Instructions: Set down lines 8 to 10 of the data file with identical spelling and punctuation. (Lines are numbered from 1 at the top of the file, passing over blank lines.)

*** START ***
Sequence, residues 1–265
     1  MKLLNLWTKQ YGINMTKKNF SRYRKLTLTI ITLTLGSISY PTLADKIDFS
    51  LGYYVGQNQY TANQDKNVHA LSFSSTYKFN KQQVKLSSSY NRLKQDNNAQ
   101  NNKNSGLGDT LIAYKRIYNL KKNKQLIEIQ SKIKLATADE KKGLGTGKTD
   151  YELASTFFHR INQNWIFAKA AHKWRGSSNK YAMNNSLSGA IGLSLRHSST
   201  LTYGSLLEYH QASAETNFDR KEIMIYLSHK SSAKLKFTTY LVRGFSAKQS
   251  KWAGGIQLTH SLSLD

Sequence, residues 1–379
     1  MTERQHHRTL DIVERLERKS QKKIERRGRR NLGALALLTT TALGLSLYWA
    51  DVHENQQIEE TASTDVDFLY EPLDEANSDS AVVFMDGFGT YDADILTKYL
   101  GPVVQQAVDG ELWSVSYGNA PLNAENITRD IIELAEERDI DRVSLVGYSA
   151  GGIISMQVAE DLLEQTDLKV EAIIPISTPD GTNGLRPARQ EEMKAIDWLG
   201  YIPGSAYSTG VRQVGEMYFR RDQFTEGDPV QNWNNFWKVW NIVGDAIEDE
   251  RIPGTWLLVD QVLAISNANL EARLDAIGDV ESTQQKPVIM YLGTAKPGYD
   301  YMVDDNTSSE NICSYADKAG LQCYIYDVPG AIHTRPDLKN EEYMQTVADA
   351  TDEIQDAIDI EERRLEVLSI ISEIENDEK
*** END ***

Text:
Sequence, residues 1–379
     1  MTERQHHRTL DIVERLERKS QKKIERRGRR NLGALALLTT TALGLSLYWA
    51  DVHENQQIEE TASTDVDFLY EPLDEANSDS AVVFMDGFGT YDADILTKYL